Figure 2: (a) Delta transmission, (b) clarification layer at 50% of maximum transmission level.
As a means of validating Sonset as a new screening method, the relationship between it and SVR at 24 hours was determined using suspensions of AlPO4 at varying pH levels of between 3 and 9, and varying ionic strength (0 to 1000 mM NaCl) with or without model antigens (BSA, lysozyme).
With the use of 20 ml of suspension in a flat-bottomed cylindrical glass vial, Turbiscan measurements were undertaken. Each set of data was collected over a period of 24 hours. As described above, the SVR after 24 hours and the settling onset time (Sonset) after half an hour were obtained for each sample from the backscattering and transmission data respectively.
Results: Sonset and SVR Relation
As displayed in Figure 3, the results indicate a 2-slope curve which is dependent upon whether the system is flocculated (steep slope) or deflocculated (gentle slope).
Figure 3. Relationship between Settling Onset time (Sonset) and Sediment Volume Ratio (SVR) at 24 hours.
- When the suspension is deflocculated (for example, with a low pH and without NaCl), the AlPO4 particles continue as discrete units (<3 µm). This results in a slow rate of sedimentation (Sonset>60 min), which prevents the entrapment of solvent within the sediment. This is difficult to redisperse as it tends to compact into a hard cake. A low value of SVR (<0,1) reflects this.
- In a suspension which is flocculated (having a medium to high pH and/or high ionic strength), it is difficult to preserve the loose structure of flocs in the sediment as it contains a large amount of entrapped water. There is a relatively large volume of final sediment, which is reflected by a larger SVR (>0,1). There is a high sediment rate (Sonset < 30 minutes) which is strongly dependent upon flocculation level (represented by a steep slope).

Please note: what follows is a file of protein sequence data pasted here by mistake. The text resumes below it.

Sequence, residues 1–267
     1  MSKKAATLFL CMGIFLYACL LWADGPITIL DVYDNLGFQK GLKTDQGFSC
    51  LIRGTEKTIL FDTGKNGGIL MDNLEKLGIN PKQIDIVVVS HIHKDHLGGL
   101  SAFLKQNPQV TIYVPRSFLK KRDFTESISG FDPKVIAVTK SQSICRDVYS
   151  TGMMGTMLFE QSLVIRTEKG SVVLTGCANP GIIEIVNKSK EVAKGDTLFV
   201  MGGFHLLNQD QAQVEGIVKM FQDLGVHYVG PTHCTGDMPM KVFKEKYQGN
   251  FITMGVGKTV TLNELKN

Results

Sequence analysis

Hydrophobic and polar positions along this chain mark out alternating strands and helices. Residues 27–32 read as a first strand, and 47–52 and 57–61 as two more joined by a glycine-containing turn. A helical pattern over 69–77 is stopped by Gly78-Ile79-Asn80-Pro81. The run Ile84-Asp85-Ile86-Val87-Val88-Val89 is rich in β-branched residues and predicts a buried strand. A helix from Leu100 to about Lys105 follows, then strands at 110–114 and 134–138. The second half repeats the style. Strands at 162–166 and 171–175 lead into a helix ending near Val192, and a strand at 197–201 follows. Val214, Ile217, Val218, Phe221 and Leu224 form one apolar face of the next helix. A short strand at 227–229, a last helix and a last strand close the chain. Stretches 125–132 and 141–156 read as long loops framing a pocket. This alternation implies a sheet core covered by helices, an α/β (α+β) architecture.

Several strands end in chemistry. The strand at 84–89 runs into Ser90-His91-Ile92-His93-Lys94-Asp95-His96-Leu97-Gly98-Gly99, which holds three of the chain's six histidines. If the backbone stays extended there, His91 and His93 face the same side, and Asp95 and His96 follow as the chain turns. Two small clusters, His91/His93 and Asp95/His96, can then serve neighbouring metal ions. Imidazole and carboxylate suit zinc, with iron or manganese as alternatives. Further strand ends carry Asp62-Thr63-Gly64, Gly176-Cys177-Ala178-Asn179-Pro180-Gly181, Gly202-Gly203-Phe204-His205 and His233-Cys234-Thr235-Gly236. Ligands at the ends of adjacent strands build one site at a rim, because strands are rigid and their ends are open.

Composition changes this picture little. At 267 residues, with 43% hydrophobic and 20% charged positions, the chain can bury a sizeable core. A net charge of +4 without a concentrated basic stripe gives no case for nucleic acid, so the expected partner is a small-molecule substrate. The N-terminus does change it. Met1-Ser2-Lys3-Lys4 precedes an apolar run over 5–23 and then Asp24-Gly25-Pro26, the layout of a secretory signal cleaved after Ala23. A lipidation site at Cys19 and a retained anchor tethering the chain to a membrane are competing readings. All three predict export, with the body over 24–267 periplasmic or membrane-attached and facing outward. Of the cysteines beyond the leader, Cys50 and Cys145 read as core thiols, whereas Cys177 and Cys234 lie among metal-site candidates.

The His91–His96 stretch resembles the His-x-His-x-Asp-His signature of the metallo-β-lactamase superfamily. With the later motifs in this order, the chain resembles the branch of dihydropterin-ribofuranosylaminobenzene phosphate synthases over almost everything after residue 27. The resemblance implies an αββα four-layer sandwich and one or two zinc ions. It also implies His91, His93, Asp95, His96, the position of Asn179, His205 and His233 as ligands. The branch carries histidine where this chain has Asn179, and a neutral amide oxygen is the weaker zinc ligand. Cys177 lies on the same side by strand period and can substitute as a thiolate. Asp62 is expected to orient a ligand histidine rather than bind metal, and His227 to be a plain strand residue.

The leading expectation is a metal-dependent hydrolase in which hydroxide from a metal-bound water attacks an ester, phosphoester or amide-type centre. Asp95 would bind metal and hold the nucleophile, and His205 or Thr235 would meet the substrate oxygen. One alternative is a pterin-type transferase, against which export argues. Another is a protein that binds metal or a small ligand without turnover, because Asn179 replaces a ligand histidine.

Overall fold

If these properties are controlled, a positive redispersion of the sediment is guaranteed. By extension, its immunogenicity is also guaranteed. The lower the Sonset, the more powerful the therapeutic efficiency.
TurbiscanLAB can help design a properly flocculated Alum-containing formulation. By changing the ionic strength, pH, and quantity of antigens in the formulation, ideal conditions which favor a flocculated system can be identified.
The decision is facilitated by the use of the settling characterization methodologies outlined above (Sonset and SVR). The transition zone between the flocculated and deflocculated states of AlPO4 formulations was identified by the SVR and Sonset data from the Turbiscan analysis.
In the end, due to the reduced analytical time, Sonset values may be a good candidate to replace the SVR data (a widely used parameter for characterizing vaccine stability) as they are more adapted to formulation screening activities.
- Investigation of the Sedimentation Behavior of Aluminum Phosphate: Influence of pH, Ionic Strength, and Model Antigens; Kevin Muthurania and al.; Pharmaceutical Research and Development; Pfizer Inc.; JOURNAL OF PHARMACEUTICAL SCIENCES 104:3770–3781, 2015).
This information has been sourced, reviewed and adapted from materials provided by Formulaction.